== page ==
Forgery. Perjury. Investor fraud. Bribery. Money laundering. Nothing speaks louder about the banks’ guilt than this evidence - nothing, that is, except the billions they’ve paid to settle the charges.
Whether it’s JPMorgan Chase settling bribery charges in Alabama, Wells Fargo settling charges of laundering drug-cartel money in Mexico, or the nation’s five largest banks buying their way out of widespread foreclosure fraud and tax evasion, never in history has so much evidence led to so little action. Investigators pinpointed the fraudulent activity of individual accountants in GE Capital’s settlement with the SEC, only to be dumbfounded to discover that no criminal indictments were handed down.
So it was nothing short of astonishing to hear the Secretary of the Treasury assert yesterday that no crimes were committed by America’s banks, saying that “most financial crises are caused by a mix of stupidity and greed and recklessness and risk-taking and hope” and adding “you can't legislate away stupidity and risk-taking and greed and recklessness.”
Geithner was doubling down on an assertion his boss made last December, when President told 60 Minutes that ““Some of the most damaging behavior on Wall Street — in some cases some of the least ethical behavior on Wall Street — wasn’t illegal.”
Deliberately or not, that sent a message to bankers that they could stop worrying about indictments - that is, if they ever had worried. Why would they? There’s been no investigation, no grilling, and no subpoenaing of bank executives’ emails or phone records.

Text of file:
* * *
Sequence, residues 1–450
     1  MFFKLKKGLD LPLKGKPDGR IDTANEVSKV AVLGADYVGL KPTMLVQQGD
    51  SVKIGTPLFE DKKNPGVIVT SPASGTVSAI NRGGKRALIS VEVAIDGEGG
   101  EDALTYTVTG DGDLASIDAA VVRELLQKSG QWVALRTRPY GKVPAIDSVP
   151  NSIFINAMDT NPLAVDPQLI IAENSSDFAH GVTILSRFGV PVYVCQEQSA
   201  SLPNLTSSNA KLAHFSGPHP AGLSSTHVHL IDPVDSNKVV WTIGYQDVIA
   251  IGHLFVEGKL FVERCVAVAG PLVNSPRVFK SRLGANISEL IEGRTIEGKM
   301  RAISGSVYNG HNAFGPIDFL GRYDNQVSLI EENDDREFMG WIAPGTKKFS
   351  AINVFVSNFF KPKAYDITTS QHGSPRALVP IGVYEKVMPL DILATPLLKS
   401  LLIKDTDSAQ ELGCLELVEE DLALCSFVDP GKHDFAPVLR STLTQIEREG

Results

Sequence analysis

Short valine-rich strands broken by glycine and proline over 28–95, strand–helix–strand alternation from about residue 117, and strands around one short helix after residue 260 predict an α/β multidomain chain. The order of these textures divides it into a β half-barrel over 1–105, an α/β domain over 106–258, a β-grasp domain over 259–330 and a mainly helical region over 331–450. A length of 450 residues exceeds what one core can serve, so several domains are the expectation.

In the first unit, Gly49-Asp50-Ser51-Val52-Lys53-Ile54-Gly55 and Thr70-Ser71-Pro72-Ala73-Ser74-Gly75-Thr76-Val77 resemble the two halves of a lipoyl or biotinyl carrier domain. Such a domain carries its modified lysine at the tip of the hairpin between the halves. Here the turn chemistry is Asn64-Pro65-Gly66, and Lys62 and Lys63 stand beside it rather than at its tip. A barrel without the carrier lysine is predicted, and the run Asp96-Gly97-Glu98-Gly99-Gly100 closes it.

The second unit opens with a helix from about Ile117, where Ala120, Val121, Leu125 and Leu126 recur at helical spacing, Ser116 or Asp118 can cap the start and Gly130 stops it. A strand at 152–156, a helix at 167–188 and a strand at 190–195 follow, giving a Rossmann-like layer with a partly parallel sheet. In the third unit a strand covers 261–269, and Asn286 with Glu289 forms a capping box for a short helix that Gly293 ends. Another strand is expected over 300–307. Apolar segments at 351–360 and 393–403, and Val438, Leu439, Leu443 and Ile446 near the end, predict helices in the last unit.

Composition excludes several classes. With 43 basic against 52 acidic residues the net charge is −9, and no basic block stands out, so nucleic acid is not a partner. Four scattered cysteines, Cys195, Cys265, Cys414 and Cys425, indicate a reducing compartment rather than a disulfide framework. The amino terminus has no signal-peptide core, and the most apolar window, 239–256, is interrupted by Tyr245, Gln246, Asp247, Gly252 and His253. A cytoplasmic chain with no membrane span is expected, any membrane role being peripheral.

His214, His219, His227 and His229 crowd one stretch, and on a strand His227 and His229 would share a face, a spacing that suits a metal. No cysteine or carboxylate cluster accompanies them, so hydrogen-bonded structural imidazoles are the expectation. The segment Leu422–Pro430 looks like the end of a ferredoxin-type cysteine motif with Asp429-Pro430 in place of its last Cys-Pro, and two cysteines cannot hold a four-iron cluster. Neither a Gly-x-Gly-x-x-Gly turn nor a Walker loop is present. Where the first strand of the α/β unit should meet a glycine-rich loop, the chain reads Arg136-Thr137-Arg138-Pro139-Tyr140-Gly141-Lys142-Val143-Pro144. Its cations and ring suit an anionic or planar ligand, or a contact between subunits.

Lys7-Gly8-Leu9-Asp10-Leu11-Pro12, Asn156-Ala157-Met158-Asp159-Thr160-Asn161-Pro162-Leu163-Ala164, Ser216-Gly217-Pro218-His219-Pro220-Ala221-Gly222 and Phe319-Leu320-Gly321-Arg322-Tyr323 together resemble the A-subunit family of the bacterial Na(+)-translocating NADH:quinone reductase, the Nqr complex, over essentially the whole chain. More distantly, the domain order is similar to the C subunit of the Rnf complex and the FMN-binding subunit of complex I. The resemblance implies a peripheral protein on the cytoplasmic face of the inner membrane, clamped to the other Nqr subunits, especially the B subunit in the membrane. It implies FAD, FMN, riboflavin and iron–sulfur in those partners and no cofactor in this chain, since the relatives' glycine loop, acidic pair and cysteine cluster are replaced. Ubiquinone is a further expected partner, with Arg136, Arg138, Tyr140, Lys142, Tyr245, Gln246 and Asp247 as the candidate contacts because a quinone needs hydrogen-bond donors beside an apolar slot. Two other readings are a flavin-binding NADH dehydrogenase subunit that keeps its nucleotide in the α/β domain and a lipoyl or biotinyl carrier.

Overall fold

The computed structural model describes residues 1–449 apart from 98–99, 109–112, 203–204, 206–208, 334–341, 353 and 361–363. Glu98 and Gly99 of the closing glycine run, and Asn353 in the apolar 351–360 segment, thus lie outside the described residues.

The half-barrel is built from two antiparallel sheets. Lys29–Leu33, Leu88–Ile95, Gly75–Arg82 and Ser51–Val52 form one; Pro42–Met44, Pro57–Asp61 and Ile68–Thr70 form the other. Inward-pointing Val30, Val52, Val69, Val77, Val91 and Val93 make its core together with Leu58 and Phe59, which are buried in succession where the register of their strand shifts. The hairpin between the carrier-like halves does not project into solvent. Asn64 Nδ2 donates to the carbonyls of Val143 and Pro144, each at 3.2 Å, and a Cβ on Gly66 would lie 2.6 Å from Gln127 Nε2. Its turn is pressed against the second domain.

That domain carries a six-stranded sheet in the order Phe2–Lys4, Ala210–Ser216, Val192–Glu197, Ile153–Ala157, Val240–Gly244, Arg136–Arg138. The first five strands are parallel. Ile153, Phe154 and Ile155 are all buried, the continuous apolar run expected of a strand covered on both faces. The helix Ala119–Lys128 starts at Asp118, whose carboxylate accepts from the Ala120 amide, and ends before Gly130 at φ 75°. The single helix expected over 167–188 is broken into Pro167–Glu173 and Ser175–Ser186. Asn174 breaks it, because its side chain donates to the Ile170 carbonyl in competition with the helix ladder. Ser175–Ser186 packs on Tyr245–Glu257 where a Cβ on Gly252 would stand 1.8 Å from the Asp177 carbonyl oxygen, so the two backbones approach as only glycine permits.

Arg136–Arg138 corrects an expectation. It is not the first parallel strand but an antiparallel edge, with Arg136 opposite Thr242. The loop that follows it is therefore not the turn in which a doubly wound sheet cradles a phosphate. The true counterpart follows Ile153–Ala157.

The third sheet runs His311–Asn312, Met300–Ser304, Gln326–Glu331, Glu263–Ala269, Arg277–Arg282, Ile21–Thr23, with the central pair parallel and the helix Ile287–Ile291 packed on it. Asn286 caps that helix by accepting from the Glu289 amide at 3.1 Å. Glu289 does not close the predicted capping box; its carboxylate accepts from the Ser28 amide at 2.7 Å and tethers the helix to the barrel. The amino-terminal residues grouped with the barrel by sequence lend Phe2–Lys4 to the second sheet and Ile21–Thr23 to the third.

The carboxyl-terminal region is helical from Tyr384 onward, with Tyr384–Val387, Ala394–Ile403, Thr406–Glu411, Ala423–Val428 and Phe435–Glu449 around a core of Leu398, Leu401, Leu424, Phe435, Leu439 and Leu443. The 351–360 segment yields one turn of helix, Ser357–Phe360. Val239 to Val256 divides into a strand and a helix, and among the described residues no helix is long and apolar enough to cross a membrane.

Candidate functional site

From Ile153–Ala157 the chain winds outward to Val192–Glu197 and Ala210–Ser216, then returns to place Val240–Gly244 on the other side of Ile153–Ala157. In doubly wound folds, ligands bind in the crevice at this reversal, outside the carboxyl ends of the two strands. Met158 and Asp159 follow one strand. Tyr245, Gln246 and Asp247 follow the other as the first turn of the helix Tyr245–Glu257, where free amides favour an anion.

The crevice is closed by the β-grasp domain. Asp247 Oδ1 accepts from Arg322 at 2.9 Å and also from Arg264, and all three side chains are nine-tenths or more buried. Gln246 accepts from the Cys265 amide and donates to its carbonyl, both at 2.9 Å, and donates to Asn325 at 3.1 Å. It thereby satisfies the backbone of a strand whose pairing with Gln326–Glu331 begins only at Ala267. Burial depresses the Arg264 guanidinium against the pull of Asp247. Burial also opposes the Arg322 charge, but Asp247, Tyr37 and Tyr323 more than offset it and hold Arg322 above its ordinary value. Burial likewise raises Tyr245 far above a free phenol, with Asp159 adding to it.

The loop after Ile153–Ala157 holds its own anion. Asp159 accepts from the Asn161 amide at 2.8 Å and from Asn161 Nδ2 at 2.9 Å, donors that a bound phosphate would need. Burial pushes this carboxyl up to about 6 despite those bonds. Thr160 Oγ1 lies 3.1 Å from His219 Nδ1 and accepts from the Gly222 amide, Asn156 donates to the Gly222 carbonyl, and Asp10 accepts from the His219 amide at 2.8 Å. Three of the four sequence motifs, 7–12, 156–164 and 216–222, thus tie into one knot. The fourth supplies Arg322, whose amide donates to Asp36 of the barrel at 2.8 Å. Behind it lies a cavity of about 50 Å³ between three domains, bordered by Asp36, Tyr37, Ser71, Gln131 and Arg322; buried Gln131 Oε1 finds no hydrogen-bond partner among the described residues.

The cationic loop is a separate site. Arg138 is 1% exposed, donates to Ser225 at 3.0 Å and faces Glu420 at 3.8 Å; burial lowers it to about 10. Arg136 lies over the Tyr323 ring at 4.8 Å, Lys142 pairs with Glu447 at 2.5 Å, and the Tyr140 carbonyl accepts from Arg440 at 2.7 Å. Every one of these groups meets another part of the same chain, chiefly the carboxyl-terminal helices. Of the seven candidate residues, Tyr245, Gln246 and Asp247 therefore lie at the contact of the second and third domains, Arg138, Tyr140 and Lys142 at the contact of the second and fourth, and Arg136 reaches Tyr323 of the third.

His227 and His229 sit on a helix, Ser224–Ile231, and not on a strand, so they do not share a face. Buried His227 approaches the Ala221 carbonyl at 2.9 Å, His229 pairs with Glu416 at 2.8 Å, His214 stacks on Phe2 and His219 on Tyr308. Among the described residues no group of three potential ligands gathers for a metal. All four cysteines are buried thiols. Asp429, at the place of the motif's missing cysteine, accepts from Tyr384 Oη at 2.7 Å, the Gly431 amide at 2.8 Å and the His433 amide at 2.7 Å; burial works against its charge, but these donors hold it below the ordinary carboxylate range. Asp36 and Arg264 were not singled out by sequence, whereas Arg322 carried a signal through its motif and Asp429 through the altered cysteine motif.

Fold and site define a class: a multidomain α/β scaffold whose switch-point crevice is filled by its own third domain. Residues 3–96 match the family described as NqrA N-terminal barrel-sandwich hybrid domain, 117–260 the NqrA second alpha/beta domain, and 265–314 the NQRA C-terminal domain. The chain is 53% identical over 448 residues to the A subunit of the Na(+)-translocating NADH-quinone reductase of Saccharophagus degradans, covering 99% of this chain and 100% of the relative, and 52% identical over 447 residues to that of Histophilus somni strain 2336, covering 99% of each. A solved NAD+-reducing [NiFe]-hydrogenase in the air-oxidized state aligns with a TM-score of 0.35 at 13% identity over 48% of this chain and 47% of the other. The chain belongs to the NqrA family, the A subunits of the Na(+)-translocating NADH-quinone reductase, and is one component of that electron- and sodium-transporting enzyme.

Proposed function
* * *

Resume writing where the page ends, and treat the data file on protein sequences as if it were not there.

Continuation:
Now the President’s really cracking down on Wall Street, we were told. He appointed New York State Attorney General Eric Schneiderman, who had been pursuing banks and resisting previous deals, to his previously lethargic mortgage fraud group.
“The mortgage fraud task force I announced in my State of the Union address retains its full authority to aggressively investigate the packaging and selling of risky mortgages that led to this crisis,” the President said on February 9. “Working closely with state attorneys general, we're going to keep at it until we hold those who broke the law fully accountable."
But then there were stories that the task force’s proposed staff hadn’t even been hired.
The Administration responded swiftly. Unnamed Justice Department employees joined Schneiderman’s press secretary in telling The Nation’s George Zolnick that the task force’s five co-chairs are in “constant communication” and “meet regularly.” Fifty attorneys and other employees were already working on the project, Zornick was told. (It was not made clear whether they were assigned to the task force full-time.)
Yesterday Zornick published a piece saying quoting former Democratic Rep. Brad Miller, an outspoken advocate for bank investigations, who made the explosive suggestion that, in Zornick’s words, “the working group was afraid of Wall Street.”
The real problem is this: As long as bankers know they won’t be prosecuted for committing crimes they’ll commit them again. Officials in the Justice Department and elsewhere privately express fears that it will be difficult to obtain convictions after so much time has passed, or in cases where intent is difficult to prove.
Comments like Mr. Geithner’s only add to the perception that bankers have a free pass to commit crimes without fear of prosecution. That’s not just an injustice. It’s also a threat to our economic security.